Digitizing is just so you can share them with folks on your travels. You _will_ lose your digitzed photos either due to hardware failure or obsolescence or both. Guaranteed. Maintaining and migrating a digital archive is a pain even if they're a small number of happy snaps. So protect your originals.

A trip is a good idea, but make it a three-month trip, one month to be spent in one spot. A trip is a vacation but most fulltimers don't travel all that much, so you need to find out what that's like. And you're right, no customers. If you're unsure about your stuff, put what's really important in storage and think about it after a couple of years. You'll probably wonder why you kept most of it.

If our story would help...

We'd done many weekend and week-long trips and we got the harebrained notion to take a trip of about a month. I plotted, planned routes, researched campgrounds and we launched on the grand adventure.

A month later we neglected to come home.

Two months later we asked a friend to go to the house, donate all the food in the chest freezer to charity and turn everything off.

We returned home _nine months later_ and that was just to rid out the house, get it rented out and store stuff. It was totally unplanned and unexpected. We fortunately got a great renter, let her give away, sell or deal with a lot of furniture and stuff and we were out on the road two months later. That was a few years ago.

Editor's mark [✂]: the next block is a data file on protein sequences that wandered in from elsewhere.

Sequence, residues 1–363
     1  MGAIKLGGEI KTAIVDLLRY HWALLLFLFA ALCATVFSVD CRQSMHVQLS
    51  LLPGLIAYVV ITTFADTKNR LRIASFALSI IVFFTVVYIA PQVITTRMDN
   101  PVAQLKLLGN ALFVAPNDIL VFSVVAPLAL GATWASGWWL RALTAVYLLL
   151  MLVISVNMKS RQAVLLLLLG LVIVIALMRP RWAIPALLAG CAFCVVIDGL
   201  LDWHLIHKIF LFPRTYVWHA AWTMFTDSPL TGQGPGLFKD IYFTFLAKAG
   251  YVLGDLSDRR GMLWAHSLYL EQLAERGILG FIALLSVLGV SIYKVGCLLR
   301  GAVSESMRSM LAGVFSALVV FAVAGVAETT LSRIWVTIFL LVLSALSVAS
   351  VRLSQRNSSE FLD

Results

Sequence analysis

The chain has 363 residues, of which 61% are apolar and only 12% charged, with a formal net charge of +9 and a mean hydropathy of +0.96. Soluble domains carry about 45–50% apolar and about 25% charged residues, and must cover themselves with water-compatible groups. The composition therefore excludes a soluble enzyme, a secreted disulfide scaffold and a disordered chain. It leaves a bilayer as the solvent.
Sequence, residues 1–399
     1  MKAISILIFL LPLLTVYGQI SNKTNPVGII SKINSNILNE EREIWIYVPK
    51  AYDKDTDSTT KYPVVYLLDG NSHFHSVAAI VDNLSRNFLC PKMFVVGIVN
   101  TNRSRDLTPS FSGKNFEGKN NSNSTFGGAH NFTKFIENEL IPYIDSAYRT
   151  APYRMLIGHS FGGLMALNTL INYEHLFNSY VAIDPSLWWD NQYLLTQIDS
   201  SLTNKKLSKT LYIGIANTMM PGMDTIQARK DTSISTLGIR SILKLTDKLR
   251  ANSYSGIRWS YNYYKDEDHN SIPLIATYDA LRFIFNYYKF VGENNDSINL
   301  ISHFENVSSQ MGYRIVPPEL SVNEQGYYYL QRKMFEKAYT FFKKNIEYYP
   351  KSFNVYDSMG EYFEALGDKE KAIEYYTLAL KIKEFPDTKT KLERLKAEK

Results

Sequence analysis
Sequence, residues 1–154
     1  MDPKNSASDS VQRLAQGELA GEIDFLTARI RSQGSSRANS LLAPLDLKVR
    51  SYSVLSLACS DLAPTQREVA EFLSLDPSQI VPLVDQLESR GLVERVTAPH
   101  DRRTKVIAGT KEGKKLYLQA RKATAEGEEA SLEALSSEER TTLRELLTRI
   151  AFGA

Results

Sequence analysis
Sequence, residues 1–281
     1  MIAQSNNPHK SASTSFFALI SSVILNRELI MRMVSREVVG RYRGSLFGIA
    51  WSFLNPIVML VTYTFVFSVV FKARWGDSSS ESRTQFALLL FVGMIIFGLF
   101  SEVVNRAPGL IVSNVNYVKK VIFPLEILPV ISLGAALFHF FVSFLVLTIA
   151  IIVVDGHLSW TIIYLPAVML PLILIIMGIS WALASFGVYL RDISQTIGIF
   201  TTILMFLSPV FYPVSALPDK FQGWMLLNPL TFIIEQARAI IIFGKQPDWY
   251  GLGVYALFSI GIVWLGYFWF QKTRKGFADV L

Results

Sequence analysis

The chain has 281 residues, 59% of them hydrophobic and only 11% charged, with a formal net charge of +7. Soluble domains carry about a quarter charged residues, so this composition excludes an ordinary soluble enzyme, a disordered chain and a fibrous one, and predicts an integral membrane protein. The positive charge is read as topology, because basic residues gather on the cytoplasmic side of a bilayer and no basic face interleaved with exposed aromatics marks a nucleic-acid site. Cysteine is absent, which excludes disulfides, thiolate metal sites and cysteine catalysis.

We don't travel a whole lot; we find a place and especially people we like and stay a while. We're the Floridiots who spent last winter in the North Georgia mountains. This winter our next destination is Ochopee in Big Cypress in _warm south Florida_ in a week or so; looks like the plan this winter is to move every week or two.

If cost is a factor, a week at a park will usually get you a free night (compared to the daily rate) and a month will usually get you at least a free week or more.

I think most people are afraid of significant change even if they won't admit it.

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I live 5.5 months in my Motorhome and 7.5 months in my S+B house and I will never full time.I love my house and its non replaceable

Large Diesel pusher motorhome's are great for snowbirding but nothing replaces a nice paid for S+B house in a nice city like we live in

I for the life of me can not understand how people live in little 34 ft gasser 24/7/365

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My wife and I are researching the life of a full timer in a 40+ RV+car+motorcycle..the kids are in college and this large house goes unused and we can't always travel to where we down the road we are a a retired trucker im looking forward to not passing all the great sightseeing this great country has to Question is this...I'm considering pulling an enclosed trailer with my car and bike so I can have a sense of security and a few tools along the apposed to an open trailer...I read alot about how 4 wheels down is so much easier..maybe for a non fulltimer yes..but were not going to a KOA type campground for a would be month long stays...

I'm open to any suggestions about this...thanks !